Shaken Baby Syndrome (for parents)

1hour 0.1CEUs

The class is also available as part of a Knowledge Collection

$39 Parenting: The First 6 Months See Details  


Describes shaken baby syndrome, identifies symptoms and medical data, and promotes preventive measures and first aid. Note:  Includes some material from the class on Coping with a Crying Baby.

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Shaken Baby Syndrome (SBS)

Table of Contents 

  1. About SBS
  2. Medical Info  
  3. Prevention of SBS    
  4. Legal Issues


Chapter 1: About SBS

Child Abuse

Every state has laws that define child abuse.  ALL adults with children in their care must abide by these laws. Child abuse acts are:

• Physical abuse

• Acts of cruelty (sexual molestation)

• Emotional abuse

As a child care provider, you have legal responsibility for that child.  If you fail to protect that child from abuse, you may be found guilty of child abuse.

What is Shaken Baby Syndrome

Shaken baby syndrome (SBS) is a serious form of child abuse.  It is a term used to describe injuries babies and very young children sustain from being violently shaken. Forceful shaking of an infant or young child by the arms, legs, chest or shoulders can result in brain damage leading to:

• Mental Retardation

• Speech Disabilities

• Learning Disabilities

• Paralysis

• Seizures

• Hearing Loss

• Death

Because a baby's head is so large and the neck muscles are weak, these areas are especially vulnerable to injury.

The infant skull:

• At birth skull joints are flexible, so that the infants' head can be compressed as it passes through the birth canal.

• Fontanels are soft areas where the bones of the cranium do not meet.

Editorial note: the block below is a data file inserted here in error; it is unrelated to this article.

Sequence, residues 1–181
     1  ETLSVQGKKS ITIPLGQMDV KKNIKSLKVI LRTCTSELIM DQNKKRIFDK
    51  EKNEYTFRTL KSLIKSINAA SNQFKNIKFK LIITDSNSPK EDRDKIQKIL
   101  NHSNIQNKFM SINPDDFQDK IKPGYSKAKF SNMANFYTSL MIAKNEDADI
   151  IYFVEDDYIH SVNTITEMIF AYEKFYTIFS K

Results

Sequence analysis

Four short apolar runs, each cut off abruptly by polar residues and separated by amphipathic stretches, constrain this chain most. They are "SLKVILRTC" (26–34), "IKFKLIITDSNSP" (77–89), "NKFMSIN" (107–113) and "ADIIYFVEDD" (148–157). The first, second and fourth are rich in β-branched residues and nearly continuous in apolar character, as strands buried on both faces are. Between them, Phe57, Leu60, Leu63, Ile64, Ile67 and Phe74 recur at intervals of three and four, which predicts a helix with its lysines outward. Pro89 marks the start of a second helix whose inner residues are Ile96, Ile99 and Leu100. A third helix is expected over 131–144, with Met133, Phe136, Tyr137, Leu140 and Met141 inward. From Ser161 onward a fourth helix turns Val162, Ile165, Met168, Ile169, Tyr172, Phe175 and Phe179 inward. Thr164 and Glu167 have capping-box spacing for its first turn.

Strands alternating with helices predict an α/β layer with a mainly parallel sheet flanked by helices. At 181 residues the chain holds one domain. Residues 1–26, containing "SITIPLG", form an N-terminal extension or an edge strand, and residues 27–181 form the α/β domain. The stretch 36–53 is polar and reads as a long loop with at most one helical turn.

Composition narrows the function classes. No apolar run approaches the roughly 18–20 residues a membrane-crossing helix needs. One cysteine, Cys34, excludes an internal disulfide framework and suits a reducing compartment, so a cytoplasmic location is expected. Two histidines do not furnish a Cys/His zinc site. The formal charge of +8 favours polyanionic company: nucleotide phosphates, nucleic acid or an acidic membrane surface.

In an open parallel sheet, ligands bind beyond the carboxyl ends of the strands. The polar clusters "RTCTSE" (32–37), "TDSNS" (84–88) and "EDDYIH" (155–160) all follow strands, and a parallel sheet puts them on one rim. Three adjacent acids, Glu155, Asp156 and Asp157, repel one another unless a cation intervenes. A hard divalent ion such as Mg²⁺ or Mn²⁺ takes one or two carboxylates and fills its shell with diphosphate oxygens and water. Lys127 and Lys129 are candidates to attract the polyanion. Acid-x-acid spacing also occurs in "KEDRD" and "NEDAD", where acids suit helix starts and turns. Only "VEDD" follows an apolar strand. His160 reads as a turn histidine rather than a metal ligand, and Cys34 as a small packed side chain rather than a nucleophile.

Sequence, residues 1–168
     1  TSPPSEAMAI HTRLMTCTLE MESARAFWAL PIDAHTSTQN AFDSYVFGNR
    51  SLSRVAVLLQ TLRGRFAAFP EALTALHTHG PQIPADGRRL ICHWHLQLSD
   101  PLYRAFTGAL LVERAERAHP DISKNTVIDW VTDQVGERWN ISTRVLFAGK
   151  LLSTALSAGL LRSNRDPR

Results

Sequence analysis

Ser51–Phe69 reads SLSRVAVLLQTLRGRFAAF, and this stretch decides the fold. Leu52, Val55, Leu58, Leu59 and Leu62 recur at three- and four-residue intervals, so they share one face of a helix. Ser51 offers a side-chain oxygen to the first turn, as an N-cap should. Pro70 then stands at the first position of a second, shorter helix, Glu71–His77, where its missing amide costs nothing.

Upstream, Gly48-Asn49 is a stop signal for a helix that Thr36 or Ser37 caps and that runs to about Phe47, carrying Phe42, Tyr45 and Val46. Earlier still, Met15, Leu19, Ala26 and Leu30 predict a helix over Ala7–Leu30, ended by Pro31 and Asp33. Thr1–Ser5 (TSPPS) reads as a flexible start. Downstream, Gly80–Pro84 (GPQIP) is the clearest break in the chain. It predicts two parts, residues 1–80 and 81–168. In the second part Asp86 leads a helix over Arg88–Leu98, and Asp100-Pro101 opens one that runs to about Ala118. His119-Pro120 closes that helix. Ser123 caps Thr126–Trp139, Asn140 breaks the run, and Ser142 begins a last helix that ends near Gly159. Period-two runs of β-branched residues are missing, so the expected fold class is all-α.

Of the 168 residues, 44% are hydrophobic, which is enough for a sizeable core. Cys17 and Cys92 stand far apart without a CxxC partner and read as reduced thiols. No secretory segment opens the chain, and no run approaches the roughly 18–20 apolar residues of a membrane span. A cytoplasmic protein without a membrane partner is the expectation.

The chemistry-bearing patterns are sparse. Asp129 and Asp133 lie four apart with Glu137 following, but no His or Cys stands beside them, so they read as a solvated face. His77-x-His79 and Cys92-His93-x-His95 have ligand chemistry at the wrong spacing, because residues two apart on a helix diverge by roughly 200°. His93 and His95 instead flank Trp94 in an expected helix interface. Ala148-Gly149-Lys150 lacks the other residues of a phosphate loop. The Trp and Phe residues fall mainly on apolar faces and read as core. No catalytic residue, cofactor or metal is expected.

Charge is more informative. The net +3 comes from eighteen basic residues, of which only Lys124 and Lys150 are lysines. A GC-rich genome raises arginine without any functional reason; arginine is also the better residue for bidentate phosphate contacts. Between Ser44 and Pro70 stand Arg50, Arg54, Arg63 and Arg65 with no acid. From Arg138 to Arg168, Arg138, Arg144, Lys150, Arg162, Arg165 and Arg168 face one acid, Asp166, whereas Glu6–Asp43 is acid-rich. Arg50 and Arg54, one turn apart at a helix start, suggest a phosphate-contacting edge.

• The joints remain flexible to allow expansion until the cranial bones are fully formed, around age 2.

The space between the brain and skull allow for growth and development.  An infant’s skull is soft and pliable.  A baby’s brain and blood vessels are very fragile and easily damaged by whiplash motions like shaking, jerking and jolting.

When an infant is shaken, the violent movement causes the brain to bounce back and forth in the skull.   This causes a rupturing of blood vessels and nerves and tears the brain tissue.  The force of the brain striking the skull leads to further bleeding and bruising of the brain.  Later, swelling can cause even more damage to the brains delicate structures.

Other names for shaken baby syndrome are:

• Abusive head trauma

• Shaken brain trauma

• Pediatric traumatic brain injury

• Whiplash shaken infant syndrome

• Shaken impact syndrome


Physical abuse is the leading cause of serious head injury in infants.  Every year almost 50,000 children in the United States are forcefully shaken by their caretakers. 2,000 children die every year as a result of SBS.  More than 60% of these children are boys.

• Victims are usually 6-8 months old, but may be as old as 5 years or only a few days old.

• Men in their early 20's who are the baby's father or the mother's boyfriend are more likely to shake a child vs. a woman.

• Women who inflict SBS are more likely to be babysitters or child care providers than the baby's mother.

There is a high rate of morbidity (the condition of being diseased) and mortality (death) among infant victims of SBS.

• Mortality rates range from 15-38%

• 60% of those infants who were in a coma when initially examined died or had profound mental retardation, spastic quadriplegia, or severe motor dysfunction.

Learning Outcomes

Goal: to learn how to cope with a crying infant and learn symptoms of and legal responsibilities for SBS. 

  • Explain how Shaken Baby Syndrome occurs.
  • List the symptoms of Shaken Baby Syndrome.
  • Develop a 'Coping Plan' for a crying infant.
  • Discuss legal responsibilities in response to Shaken Baby Syndrome.
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